"So you're urgin' I go?"
And her head she did scratch,
"Jus' please don't throw me
In no Pius the
Tenth Patch!!"

But brer priest
Flung brer mother
Out the door shut the latch
And forced her to land
In a Pius the Tenth Patch.

So mostly the
New Rite is given the nod
By brer bishops
Brer priests
And brer people of god.

But high on a hill
Brer mother of ten
Is singin' and kickin'
Her heels
Up again...

"I was born and raised
In a Pius the Tenth Patch
Known as the Catholic Church
And there still ain't
No match!!!"

thetimman said...

Thanks to all for the comments. X, Chesterton gets it right, as he usually does.

Anonymous said...

Sometimes I'm happy for my naivete.

Seriously, I tried to read and understand the Shea column and the Fisher column. I really did. They are both completely incomprehensible gibberish unless you are well-versed in the players and their prejudices (I assume, at least) about traditional Catholics, conservative Catholics, ultra-traditional Catholics, traddycon Catholics with a half-gainer, and whatever other witty label they can concoct to Balkanize Holy Mother Church.

The double-reverse sarcasm made me feel like I was watching the Abbott and Costello 'Who's On First' routine without being in on the joke.

Sometimes, the internet is a great source of information and generator of important debate on important matters. Other times, and I would classify the Shea and Fisher articles in this category, it just becomes a forum for snarky inside baseball wiseacres to fling poo at one another over manufactured and blown-out-of-proportion issues.

Assuming that the Shea/Fisher "debate" was about placing blame on some segment of the Catholic Church for past statements interpreted as anti-Semitism (and I'm not sure at all that is what was going on), there are far more important issues to debate. That's not to minimize anti-Semitism, or anti-anythingism, but playing 'gotcha' doesn't help anyone.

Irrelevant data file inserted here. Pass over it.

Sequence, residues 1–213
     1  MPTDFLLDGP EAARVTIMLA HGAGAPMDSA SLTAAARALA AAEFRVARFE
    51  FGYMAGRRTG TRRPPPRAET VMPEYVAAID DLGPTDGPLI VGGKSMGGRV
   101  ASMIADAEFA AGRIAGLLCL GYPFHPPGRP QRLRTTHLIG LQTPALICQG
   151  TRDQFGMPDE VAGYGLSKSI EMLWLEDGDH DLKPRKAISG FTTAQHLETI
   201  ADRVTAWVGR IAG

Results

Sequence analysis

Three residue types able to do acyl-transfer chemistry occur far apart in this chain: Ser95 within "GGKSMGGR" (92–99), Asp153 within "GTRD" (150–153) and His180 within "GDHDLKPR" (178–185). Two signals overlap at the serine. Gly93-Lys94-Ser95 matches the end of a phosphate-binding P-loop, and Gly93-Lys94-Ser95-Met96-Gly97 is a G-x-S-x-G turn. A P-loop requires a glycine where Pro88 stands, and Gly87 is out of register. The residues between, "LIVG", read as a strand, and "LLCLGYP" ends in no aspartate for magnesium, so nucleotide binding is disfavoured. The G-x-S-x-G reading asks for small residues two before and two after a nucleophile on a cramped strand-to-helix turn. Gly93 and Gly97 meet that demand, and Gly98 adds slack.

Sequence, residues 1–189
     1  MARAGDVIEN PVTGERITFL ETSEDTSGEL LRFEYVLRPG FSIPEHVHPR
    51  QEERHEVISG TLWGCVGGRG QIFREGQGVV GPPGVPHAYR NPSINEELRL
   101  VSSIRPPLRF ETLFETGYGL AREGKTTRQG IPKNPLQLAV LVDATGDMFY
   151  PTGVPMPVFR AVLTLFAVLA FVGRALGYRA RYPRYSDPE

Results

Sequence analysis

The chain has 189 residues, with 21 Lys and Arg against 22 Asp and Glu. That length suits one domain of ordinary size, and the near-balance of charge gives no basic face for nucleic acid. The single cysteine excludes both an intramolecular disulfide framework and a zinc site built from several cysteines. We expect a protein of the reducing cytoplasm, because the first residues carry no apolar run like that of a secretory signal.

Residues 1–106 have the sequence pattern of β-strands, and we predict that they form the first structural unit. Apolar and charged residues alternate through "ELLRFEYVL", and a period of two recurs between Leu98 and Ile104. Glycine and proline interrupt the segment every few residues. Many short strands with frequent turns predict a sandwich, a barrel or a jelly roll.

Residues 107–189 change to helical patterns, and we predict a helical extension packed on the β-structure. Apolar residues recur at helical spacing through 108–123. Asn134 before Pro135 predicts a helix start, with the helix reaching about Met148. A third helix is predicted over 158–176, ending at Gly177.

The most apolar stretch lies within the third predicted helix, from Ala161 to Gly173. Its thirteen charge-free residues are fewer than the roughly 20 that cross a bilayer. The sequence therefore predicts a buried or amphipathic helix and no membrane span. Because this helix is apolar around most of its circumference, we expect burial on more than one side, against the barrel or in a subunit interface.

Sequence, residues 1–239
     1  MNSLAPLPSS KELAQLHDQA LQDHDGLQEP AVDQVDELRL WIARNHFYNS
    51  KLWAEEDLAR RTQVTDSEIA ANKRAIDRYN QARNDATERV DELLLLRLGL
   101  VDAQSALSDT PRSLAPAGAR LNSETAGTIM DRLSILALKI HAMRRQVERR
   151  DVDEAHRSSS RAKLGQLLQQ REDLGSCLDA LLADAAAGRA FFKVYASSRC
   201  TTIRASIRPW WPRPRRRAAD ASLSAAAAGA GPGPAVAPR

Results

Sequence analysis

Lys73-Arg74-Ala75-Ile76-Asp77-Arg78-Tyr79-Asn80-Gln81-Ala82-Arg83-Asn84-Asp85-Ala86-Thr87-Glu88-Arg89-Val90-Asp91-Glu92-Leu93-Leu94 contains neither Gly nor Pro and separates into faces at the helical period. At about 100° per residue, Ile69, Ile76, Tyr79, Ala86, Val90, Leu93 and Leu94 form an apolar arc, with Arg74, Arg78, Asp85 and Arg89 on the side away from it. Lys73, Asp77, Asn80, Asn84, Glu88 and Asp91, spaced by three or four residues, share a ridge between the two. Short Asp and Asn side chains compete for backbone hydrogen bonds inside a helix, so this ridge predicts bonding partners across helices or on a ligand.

Timman, step back and take a deep breath. This flawed Catholic (and I'd like to think I'm relatively well-informed) has no idea of what any of those critics are talking about.

SLPS Parent

thetimman said...

Proud SLPS Parent,

Thanks, great comment. You are one of the good ones!


Jane Chantal said...

It feels as though we're in for a long little wander-in-the-wilderness as the aftershocks from the election of our new Holy Father play out. It's as though we are disoriented and groping through smoke and rubble after an explosion, which is not the way Catholics ought to be feeling at such a time (duh).

There's a lot of venting from various quarters, and a lot of -- what’s the phrase? – unfocused rage. It seems to me that we should be about the business of analyzing the emotions that are flying around, and seeing what can be done to turn them into something that’s actually useful. But it’s still too early. Too early to expect those tiresome individuals who are getting their jollies scolding “RadTrads” to acquire some class, and too early to be impatient with people who are distressed and feeling as though they have lost, or are about to lose, something infinitely precious to them. Eveyone needs some slack right now.